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Chapter 14: the baptism of blood.

  • The first war bulletin
  • -- how Richmond received it -- practical result of Bethel -- earnest work in Government bureaux -- thunder from a clear sky -- shadows follow Rich Mountain -- Carthago delenda! -- popular comparison of fighting qualities -- the “on-to-richmond!” Clangor -- the southern pulse -- “Beware of Johnston's Retreats I” Bull run -- the day before Manassas -- waiting!
    On the afternoon of June 10, 1861, Richmond was thrown into a commotion-though of a different nature-hardly exceeded by that exciting Sabbath, “Pawnee Sunday.” Jubilant, but agitated crowds collected at the telegraph offices, the hotels and the doors of the War Department, to get the news of the first fight on Virginia soil.

    That morning the enemy had pressed boldly forward, in three heavy columns, against Magruder's lines at Big Bethel Church. He had been sharply repulsed in several distinct charges, with heavy loss, by D. H. Hill's regiment — the first North Carolina, and two guns of the Richmond Howitzers, commanded by Major John W. Randolphafterward Secretary of War.

    Naturally there was great and deep rejoicing over this news in all quarters and from all classes. None had expected a different general result; for the confidence in Magruder's ability at that time, and in the pluck of his troops, was perfect; but the ease and dash with which the victory had been achieved was looked upon as the sure presage of great success elsewhere.

    Although the conduct of the fight had been in the hands of Colonel D. H. Hill-afterward so well known as a staunch and hard fighting officer-and his North Carolinians had illustrated it by more than one act of personal daring; still the cannon had done the main work and it was taken as a Richmond victory.

    The small loss, too, where the home people had been so deeply interested, added a cheering glow to the news that nothing else could have given. Bowed and venerable men, little girls and tremulous old women spoke of the fight “we won.” And why not? Were not their sons, and husbands, and brothers, really a part of them?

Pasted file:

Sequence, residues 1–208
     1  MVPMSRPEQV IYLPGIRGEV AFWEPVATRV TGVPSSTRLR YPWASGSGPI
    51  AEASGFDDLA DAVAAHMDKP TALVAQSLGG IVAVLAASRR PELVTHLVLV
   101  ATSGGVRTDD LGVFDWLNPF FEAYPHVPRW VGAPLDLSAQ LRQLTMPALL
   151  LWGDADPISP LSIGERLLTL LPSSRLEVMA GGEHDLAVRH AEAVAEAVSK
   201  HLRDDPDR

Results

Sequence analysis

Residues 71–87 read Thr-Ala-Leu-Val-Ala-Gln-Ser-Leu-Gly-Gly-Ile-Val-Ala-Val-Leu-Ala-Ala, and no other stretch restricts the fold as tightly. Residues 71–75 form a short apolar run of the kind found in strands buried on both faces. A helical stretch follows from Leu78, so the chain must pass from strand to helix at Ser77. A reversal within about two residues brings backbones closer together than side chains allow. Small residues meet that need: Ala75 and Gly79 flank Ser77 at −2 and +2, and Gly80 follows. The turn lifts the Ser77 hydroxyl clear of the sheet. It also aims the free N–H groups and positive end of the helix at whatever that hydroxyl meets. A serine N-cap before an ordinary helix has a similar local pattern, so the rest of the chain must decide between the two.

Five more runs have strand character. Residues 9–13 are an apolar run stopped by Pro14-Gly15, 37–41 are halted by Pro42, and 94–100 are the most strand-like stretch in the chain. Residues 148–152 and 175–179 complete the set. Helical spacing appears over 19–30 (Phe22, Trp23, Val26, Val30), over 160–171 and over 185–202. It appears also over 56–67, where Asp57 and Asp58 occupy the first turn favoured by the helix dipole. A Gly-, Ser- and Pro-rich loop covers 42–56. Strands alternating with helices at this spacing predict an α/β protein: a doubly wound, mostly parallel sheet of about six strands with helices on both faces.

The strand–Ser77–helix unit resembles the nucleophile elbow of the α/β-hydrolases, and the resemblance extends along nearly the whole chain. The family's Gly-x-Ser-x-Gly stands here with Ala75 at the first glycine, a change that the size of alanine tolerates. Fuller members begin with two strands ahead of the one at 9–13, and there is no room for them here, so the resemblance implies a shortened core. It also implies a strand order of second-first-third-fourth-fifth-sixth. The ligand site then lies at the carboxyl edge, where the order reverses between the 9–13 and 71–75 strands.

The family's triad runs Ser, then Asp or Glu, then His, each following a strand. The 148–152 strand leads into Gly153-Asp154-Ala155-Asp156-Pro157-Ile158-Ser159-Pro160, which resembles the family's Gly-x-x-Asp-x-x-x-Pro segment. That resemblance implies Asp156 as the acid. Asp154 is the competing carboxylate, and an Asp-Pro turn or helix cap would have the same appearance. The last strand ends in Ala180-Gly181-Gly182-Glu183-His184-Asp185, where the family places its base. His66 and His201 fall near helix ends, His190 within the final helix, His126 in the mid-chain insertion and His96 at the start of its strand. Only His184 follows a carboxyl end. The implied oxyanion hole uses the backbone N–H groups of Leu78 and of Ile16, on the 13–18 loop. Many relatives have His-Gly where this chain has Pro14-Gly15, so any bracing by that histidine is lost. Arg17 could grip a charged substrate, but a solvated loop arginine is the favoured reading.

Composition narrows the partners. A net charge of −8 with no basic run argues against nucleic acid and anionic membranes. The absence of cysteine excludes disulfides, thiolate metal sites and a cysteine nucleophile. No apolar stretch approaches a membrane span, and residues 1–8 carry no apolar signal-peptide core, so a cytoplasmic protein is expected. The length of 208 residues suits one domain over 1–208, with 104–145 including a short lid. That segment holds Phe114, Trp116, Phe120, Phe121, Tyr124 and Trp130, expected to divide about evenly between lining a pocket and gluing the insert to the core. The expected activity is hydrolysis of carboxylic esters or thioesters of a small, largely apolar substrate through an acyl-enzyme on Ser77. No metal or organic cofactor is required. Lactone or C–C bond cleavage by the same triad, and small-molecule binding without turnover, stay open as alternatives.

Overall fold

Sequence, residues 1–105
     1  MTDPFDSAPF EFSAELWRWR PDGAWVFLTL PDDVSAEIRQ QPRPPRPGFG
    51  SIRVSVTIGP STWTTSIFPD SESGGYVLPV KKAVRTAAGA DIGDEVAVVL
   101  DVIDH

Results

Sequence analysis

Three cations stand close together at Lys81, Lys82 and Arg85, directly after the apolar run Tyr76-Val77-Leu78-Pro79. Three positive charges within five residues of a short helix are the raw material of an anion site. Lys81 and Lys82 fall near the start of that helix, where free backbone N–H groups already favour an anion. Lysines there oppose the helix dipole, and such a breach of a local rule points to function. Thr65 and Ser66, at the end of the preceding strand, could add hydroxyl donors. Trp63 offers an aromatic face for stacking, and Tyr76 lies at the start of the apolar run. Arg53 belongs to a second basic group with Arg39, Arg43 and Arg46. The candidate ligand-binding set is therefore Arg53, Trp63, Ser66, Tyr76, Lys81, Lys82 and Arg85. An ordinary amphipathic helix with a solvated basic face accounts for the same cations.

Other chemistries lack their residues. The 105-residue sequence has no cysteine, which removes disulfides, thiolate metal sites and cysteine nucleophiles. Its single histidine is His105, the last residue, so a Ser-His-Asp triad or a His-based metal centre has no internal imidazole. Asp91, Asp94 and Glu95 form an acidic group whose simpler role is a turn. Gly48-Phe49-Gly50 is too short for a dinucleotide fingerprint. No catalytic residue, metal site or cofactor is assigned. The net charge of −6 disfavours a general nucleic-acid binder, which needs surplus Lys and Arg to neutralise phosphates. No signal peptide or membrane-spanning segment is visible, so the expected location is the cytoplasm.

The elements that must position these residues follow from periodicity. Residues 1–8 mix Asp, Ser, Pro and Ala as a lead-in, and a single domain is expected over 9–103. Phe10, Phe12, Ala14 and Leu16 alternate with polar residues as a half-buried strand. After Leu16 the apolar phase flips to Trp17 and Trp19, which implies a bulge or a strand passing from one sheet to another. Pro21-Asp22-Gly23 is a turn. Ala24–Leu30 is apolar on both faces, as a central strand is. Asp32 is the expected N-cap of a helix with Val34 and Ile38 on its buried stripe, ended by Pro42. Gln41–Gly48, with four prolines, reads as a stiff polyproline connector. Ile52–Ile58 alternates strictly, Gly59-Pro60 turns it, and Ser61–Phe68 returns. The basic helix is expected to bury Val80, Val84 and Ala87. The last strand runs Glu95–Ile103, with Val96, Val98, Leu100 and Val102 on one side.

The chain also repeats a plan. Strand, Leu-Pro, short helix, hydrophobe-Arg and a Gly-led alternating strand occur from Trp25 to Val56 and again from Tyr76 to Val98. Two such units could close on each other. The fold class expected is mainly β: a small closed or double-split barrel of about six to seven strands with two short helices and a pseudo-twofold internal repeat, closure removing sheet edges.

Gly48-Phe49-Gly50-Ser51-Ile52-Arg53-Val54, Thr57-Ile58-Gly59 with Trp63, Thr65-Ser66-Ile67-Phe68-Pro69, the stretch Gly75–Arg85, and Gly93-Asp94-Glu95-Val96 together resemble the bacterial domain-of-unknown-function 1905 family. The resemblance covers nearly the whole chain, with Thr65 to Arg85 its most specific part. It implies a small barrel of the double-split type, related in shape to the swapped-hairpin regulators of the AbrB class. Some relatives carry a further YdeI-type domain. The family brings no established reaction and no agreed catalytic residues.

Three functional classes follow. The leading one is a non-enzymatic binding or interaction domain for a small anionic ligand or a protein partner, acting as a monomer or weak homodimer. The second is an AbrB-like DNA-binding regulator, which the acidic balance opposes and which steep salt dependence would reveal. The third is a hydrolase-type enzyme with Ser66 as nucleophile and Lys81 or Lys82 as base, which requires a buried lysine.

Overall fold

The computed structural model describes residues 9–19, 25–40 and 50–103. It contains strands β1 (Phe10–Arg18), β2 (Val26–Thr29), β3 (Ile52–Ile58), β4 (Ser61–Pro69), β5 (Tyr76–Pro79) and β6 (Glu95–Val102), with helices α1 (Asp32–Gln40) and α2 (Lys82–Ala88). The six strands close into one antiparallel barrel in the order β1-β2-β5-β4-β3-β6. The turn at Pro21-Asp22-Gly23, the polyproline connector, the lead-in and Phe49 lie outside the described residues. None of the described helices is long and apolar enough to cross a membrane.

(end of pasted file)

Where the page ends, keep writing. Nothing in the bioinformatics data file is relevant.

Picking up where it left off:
It was curious to see how prone the women were to attribute the result to a special interposition of Divine aid, and to share the laurels, gathered that bright June day, with a higher Power than rested in a Springfield rifle, or a 12-pr. howitzer. [112]

    “Don't you tell me one word, cap'n!” I heard an old lady exclaim in great ire, at the door of the War Department, “Providence is a-fightin‘ our battles for us! The Lord is with us, and thar's his handwritin‘--jest as plain!”

    “Don't say nothin‘ agin‘ that, marm,” answered the western captain, with Cromwellian sagacity; “but ef we don't help Providence powerful hard we ain't agoin‘ ter win!”

    There was a perfect atmosphere of triumph all over the state. Troops lying in camp began to get restless and eager to go at onceeven half-prepared as many of them were — to the front. Perfect confidence in the ability of the South to beat back any advance had been before the too prevalent idea of army and people; and the ease of the victory added to this conviction a glow of exultation over the invincibility of the southern soldier.

    But the confidence begotten by the result had, as yet, a beneficial rather than a bad effect. Enlistments were stimulated and camps of instruction vied with each other in energy of preparation and close attention to drill. Every soldier felt that the struggle might be fierce, but would certainly be short; and the meanest private panted to have his share in the triumphant work while there was yet a chance. The women worked harder than ever; and at every sewing-circle the story of the fight was retold with many a glowing touch added by skillful narration. And while soft eyes flashed and delicate cheeks glowed at the music of the recital, needles glanced quicker still through the tough fabric for those “dear boys!”